Currency Cloud and XE.com plan “transparent” FX service
Currency site XE.com and money transfer business Currency Cloud plan to launch a new international payments service called XE Money Transfers before the end of this year, which they claim will make foreign exchange transactions more transparent.
The new XEMT service will combine XE’s user interface with Currency Cloud’s international payments engine to offer the ability to transfer funds anywhere in the world. The platform will have tracking, reporting and volume-based pricing features. The idea is to tackle customer concerns about exchange rates, speed of transfers and transparency, which were all highlighted in a recent survey by XE as the top issues for customers. 57% of customers in the UK listed transparency of fees as one of their biggest concerns when transferring money.
The cost of FX transactions and cross-border payments in general has been an issue for a number of years. For example, Western Union promises to send cash amounts up to £700 from the UK to Poland for £3.90 – but this figure does not include the cost of FX. According to alternative cross-border payments specialist Azimo, once the cost of FX is taken into account the true cost of making the transfer would actually be £32.64 via Western Union, and as much as £42.50 at a generic high street bank.
At Barclays, most international payments will incur a basic £25 fee – but further charges may be imposed to cover fees imposed by the foreign bank to process the payment. The value of these charges varies from country to country, bank to bank and sometimes even between different regions of the same country, meaning that the full cost may not be clear to the consumer at the outset. Meanwhile, HSBC provides international money transfers at an FX rate that refreshes every 90 seconds.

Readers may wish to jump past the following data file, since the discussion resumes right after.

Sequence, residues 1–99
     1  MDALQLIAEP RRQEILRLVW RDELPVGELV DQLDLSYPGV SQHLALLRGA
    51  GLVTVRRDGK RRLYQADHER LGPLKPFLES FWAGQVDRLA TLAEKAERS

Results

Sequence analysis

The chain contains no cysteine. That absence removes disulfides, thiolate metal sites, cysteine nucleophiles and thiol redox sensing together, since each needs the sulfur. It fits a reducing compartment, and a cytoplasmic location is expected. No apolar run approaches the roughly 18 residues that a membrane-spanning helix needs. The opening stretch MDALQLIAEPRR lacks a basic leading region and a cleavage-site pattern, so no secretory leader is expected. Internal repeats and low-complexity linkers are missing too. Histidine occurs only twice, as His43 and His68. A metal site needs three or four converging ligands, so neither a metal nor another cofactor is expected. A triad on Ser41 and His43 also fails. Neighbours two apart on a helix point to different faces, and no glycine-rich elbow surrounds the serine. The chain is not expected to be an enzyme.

Critics of the current status quo argue that the lack of transparency is harmful to the consumer and ultimately lines the pockets of a few large businesses at the expense of the end recipient of the funds.
“There’s a perception that people don’t understand FX,” said Michael Kent, chief executive at Azimo. “That’s so outdated, paternalistic and it’s not true. Firms such as Barclays pay a fraction of a basis point for FX, and then give it to their customers at 3.15%. That’s 3,500% mark up. The reality is it can be done so much cheaper. Bill Gates said last year if the cost could be brought down from 10% to 5%, it would free up $16 billion a year that can be used on poverty eradication in the developing world.”
In the early 90s, XE was one of the first interactive sites on the web giving clients access to a mid-market rate while emphasising in its marketing the concepts of transparency and openness.
“We’ve had a very positive experience working with Currency Cloud,” said Steven Dengler, chief executive and co-founder, XE.com. “We are excited to launch a service that not only meets business needs, but also continues our 20 year commitment to deliver transparency, efficiency, and above all, respect for our customers.”
“Both of our companies put transparency and customer trust first, which made for a truly collaborative partnership in terms of both tech development and corporate philosophy,” said Mike Laven, chief executive, Currency Cloud. “The integration of the two services resulted in a truly comprehensive platform that brings tremendous value to the overall market and its end-users.”